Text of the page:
2. For EPCs, the noninvasive, nontransformed EPC2-hTERT cells serve as a good control in OTC. To assess invasion, use EPC2-hTERT-EGFR-p53R175H or TE12 (ESCC) cells. Start growing epithelial cells about 1 week before seeding epithelial cells in Step 18. Seed 5 × 105 epithelial cells per insert per well. Prepare 3 × 106 cells for one Transwell carrier (six wells). Approximately 80% confluent EPC2-hTERT cells and their derivatives grown in a 75-cm2 cell culture flask yield about 4 × 106 cells. Grow cells at 37 °C in a 5% CO2 incubator.

Preparation of collagen matrices for OTC (OTC day 1) ● TIMING 1.5–2 h

  • 2|
    Label six-well Transwell carriers at a corner or two of both the lid and the bottom. This avoids loss of orientation.
  • 3|
    Place the Transwell inserts into each well of the six-well Transwell carriers with sterile forceps inside the tissue culture hood.
  • 4|
    Chill empty 50-ml tubes on ice to prepare cellular (label ‘C’) and acellular (label ‘A’) matrices while thawing matrix components (see the REAGENT SETUP section).
  • 5|
    Mix the acellular matrix components in tube ‘A’ on ice in the order listed below.
    50-ml tube ‘A’ acellular layer componentsTranswell carriers
    × 1 (6 Inserts)× 2 (12 Inserts)
    10× EMEM690 μl1,380 μl
    FBS700 μl1,400 μl
    L-Glutamine60 μl120 μl
    Sodium bicarbonate140 μl280 μl
    Bovine collagen type I5.6 ml11.2 ml
    ▲ CRITICAL STEP Bovine collagen type I is viscous. Use a 25-ml serological pipette to mix carefully but thoroughly until the color of the matrix becomes homogeneous. Avoid air bubbles. Once formed they may stay in the matrix.
  • 6|
    Use a 5-ml serological pipette to add 1 ml each of acellular matrix into the Transwell inserts.
  • 7|
    Incubate at room temperature in a tissue culture hood for >10 min until the matrix solidifies.
  • 8|
    Trypsinize and count the fibroblasts from either Step 1A(xxx) or Step 1B(i), and adjust the cell concentration to 6 × 105 per ml.
  • 9|
    Mix the cellular matrix components on ice in the order listed below in a chilled 50-ml tube ‘C’ from Step 4.
    50-ml tube ‘C’ cellular layer componentsTranswell carriers
    × 1 (6 Inserts)× 2 (12 Inserts)
    10× EMEM1.8 ml3.6 ml
    FBS2 ml4 ml
    L-Glutamine160 μl320 μl
    Sodium bicarbonate380 μl760 μl
    Bovine collagen11.4 ml22.8 ml
    Matrigel3.8 ml7.6 ml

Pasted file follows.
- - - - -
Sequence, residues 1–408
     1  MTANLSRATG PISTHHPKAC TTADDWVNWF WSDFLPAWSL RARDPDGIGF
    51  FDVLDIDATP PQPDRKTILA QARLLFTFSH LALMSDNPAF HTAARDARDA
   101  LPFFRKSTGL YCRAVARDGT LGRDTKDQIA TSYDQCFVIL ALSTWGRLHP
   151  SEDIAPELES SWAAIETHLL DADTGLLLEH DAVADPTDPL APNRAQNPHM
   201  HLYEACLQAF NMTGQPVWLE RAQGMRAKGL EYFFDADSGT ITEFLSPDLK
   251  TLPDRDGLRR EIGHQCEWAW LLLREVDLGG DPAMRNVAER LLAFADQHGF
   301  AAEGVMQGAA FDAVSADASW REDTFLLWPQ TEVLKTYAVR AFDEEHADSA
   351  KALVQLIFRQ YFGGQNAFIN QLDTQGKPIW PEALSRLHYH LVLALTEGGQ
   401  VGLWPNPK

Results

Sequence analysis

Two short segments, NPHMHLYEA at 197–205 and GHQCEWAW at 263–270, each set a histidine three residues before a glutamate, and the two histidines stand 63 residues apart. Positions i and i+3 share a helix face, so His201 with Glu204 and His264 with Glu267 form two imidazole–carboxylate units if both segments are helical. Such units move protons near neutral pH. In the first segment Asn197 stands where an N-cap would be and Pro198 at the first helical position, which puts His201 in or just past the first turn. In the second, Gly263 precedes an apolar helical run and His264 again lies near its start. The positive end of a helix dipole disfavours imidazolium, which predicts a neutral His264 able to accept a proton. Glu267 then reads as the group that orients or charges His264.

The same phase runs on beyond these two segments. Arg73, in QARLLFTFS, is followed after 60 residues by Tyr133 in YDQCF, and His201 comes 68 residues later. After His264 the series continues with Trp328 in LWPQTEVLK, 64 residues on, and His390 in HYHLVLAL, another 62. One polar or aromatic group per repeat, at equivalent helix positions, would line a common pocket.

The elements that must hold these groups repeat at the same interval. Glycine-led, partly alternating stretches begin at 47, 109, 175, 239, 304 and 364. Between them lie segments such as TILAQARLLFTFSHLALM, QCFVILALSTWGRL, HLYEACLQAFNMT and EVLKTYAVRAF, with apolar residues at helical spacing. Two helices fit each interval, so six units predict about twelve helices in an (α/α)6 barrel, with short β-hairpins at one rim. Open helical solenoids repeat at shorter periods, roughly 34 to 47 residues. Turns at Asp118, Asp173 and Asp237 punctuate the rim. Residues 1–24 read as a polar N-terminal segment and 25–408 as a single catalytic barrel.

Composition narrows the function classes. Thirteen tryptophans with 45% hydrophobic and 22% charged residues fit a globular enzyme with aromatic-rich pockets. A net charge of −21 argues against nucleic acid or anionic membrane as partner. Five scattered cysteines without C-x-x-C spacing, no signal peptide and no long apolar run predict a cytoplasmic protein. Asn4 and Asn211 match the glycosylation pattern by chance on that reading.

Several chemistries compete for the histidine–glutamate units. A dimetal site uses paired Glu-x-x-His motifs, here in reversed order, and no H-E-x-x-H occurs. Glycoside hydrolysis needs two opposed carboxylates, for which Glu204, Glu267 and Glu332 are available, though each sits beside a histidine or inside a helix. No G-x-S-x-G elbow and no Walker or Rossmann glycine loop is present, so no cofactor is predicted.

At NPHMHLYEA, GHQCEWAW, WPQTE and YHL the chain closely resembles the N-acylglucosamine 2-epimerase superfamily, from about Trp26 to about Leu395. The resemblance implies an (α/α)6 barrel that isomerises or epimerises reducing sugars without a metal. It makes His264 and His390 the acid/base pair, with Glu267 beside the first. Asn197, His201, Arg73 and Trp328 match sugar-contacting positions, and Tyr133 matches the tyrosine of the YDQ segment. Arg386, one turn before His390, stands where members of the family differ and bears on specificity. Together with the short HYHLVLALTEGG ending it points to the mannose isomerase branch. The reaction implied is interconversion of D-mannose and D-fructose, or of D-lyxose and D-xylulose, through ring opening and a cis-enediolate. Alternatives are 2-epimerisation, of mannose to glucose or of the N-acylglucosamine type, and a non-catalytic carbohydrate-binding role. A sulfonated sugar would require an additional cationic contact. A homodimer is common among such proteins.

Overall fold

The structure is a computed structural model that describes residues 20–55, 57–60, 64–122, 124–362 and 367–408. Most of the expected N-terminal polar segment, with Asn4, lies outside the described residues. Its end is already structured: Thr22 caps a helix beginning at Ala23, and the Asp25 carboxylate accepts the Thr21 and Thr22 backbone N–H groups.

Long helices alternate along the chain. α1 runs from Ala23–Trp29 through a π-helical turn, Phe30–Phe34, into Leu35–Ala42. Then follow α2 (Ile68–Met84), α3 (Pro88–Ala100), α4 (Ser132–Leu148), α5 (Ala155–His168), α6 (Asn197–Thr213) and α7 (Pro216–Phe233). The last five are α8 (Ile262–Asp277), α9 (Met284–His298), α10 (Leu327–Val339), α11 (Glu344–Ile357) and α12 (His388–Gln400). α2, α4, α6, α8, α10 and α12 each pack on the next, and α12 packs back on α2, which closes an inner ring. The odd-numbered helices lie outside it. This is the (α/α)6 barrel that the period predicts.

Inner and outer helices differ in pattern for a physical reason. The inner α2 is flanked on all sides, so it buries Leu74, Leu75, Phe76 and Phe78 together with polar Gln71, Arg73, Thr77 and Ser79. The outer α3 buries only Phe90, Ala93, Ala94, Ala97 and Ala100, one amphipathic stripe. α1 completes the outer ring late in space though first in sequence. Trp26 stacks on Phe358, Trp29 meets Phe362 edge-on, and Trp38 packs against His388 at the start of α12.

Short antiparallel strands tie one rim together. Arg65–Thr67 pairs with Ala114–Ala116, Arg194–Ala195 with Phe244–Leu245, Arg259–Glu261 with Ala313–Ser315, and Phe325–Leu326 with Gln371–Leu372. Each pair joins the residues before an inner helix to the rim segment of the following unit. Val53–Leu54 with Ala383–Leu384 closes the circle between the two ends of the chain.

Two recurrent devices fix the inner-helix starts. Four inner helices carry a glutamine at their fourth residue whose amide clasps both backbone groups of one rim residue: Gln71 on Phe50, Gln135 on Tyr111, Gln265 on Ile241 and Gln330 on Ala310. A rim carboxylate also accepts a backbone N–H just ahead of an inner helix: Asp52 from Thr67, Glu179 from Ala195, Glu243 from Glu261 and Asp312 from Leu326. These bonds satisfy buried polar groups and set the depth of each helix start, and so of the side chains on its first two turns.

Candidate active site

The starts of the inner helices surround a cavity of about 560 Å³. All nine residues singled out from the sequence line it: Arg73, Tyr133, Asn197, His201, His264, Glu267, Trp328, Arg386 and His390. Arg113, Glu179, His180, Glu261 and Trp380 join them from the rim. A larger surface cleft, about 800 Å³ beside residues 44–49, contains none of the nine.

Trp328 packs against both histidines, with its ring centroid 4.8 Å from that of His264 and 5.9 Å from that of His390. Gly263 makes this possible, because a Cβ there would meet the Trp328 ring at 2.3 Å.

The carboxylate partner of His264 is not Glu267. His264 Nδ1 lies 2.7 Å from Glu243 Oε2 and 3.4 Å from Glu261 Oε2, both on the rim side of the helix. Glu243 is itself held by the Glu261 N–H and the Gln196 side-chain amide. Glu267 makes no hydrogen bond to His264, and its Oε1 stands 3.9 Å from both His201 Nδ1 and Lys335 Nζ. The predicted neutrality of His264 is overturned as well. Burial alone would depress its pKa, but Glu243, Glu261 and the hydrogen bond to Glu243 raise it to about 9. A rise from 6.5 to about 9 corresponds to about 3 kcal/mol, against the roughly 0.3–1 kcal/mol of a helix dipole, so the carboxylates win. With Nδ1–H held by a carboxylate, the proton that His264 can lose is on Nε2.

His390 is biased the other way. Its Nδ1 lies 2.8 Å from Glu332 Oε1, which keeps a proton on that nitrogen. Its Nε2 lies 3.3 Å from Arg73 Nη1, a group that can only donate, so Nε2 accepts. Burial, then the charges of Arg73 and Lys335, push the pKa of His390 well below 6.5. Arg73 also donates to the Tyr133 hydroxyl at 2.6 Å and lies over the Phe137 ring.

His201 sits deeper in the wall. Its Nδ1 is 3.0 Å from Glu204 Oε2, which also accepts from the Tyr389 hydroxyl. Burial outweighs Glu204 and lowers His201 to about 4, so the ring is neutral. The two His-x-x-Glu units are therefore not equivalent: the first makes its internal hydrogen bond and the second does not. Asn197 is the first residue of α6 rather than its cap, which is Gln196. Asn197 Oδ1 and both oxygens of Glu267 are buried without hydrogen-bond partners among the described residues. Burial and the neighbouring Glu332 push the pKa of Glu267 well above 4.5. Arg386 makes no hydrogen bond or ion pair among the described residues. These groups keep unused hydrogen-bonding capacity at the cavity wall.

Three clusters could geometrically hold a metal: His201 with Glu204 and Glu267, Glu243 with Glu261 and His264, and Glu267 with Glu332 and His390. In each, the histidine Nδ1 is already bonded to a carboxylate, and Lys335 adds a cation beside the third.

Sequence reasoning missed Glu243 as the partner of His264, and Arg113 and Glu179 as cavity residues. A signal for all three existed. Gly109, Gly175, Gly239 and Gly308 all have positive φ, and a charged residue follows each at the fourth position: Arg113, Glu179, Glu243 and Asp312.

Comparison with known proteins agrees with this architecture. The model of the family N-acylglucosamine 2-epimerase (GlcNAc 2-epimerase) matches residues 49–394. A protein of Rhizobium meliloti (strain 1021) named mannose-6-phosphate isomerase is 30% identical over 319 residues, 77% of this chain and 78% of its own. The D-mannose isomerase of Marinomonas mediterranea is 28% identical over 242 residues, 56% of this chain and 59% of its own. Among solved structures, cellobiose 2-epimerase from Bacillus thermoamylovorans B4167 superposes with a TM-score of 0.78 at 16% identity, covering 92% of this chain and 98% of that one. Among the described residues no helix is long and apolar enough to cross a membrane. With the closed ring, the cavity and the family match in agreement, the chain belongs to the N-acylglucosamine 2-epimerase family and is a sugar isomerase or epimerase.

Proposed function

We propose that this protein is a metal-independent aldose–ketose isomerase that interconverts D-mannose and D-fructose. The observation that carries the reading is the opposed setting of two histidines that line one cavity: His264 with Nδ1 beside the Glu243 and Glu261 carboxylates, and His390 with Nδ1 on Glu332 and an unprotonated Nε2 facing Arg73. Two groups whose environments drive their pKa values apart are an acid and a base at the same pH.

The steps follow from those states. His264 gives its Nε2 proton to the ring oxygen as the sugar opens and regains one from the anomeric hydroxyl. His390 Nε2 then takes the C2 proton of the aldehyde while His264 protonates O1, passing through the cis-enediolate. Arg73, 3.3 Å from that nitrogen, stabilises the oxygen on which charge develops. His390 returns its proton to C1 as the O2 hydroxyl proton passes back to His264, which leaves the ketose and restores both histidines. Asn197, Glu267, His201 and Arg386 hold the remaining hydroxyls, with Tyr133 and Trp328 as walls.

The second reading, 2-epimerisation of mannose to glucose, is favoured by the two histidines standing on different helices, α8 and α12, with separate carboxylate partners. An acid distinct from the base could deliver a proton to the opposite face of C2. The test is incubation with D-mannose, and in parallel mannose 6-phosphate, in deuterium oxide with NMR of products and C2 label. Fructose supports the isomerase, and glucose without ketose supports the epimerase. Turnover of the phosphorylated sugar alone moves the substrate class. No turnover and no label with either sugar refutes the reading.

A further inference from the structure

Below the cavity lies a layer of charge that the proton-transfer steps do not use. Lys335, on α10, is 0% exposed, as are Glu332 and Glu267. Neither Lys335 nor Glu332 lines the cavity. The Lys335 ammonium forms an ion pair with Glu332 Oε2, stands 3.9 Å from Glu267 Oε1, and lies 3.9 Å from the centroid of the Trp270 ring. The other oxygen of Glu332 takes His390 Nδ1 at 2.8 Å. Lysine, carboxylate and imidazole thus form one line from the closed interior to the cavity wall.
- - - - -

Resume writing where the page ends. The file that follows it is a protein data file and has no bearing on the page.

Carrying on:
6 × 105 per ml fibroblasts1.6 ml3.2 ml
    ▲ CRITICAL STEP Bovine collagen type I and Matrigel are viscous. Use a 25-ml serological pipette to mix carefully but thoroughly until the color of the matrix becomes homogeneous. Avoid air bubbles. Once formed they may stay in the matrix.
  • 10|
    Use a 10-ml serologic pipette to dispense 3 ml each of the matrix into the Transwell inserts. Ensure that there are no remaining large air bubbles. If present, they can be removed easily by poking with a pipette tip.
  • 11|
    Carefully carry the filled Transwell carriers with the inserts from tissue culture hood to the incubator. Incubate at 37 °C for 30–45 min to allow the matrix to solidify.
  • 12|
    Add DMEM–10% (wt/vol) FBS: 10 ml to the bottom of the wells in the Transwell carrier and 2 ml to the Transwell inserts.

Dislodging the matrix (OTC day 2) ● TIMING 10 min

  • 13|
    Dislodge the edges of the matrix from the side of the Transwell insert. Hold a sterile glass Pasteur pipette vertically to go around (~2 times) the matrix along the inner wall of the insert. Feel the membrane at the bottom as you move the pipette tip, but do not pierce it. Ensure that the tip is not broken. If you feel resistance in the matrix, stop and go the other way around.
  • 14|
    Add 2 ml of DMEM–10% (vol/vol) FBS into the Transwell inserts. Incubate matrices at 37 °C in a 5% CO2 incubator. Observe the matrix contract over the next few days forming a crater-like top where epithelial cells are to be seeded. Wait until OTC day 7 before seeding epithelial cells. There is no need to change medium until Step 16.

Seeding epithelial cells (OTC day 7) ● TIMING 4 h

  • 15|
    Prepare presaturation medium by mixing DMEM and Ham’s F12 in a 3:1 ratio in a sterile vessel as described below.
    Presaturation mediumTranswell carriers
    × 1 (6 Inserts)× 2 (12 Inserts)
    DMEM60 ml120 ml
    Ham’s F1220 ml40 ml
  • 16|
    Remove the old medium (from Step 14) by aspiration from the Transwell carriers and inserts. Do not disturb the matrix formed within the inserts. Add DMEM + Ham’s F12 (3:1) from Step 15: 10 ml to the bottom and 2 ml to the top of the Transwell carriers.
  • 17|
    Incubate at 37 °C in a 5% CO2 incubator for 1 h.
  • 18|
    Trypsinize and count the epithelial cells and adjust the cell concentration to 1 × 107 per ml in the medium used for the epithelial cell growth (e.g., h-KSFM for EPC-hTERT).
  • 19|
    Remove presaturation media and add 50 μl (5 × 105 per Transwell-insert per well) of the epithelial cells to the center of the surface of contracted matrix. Do not disturb the matrix formed within the inserts.
  • 20|
    Incubate without medium in the tissue culture incubator (37 °C, 5% CO2) for 2 h.
  • 21|
    Prepare epidermalization media (EPM1 and EPM2) by mixing the medium components in the order listed below.
    For two Transwell carriers (12 wells; two medium changes)EPM1 (300 ml), store at 4 °CEPM2 (200 ml), store at 4 °C
    DMEM218 ml95 ml
    Ham’s F1272 ml95 ml
    L-Glutamine6 ml4 ml
    Hydrocortisone (H)600 μl400 μl
    ITES600 μl400 μl
    O-Phosphorylethanolamine (O)600 μl400 μl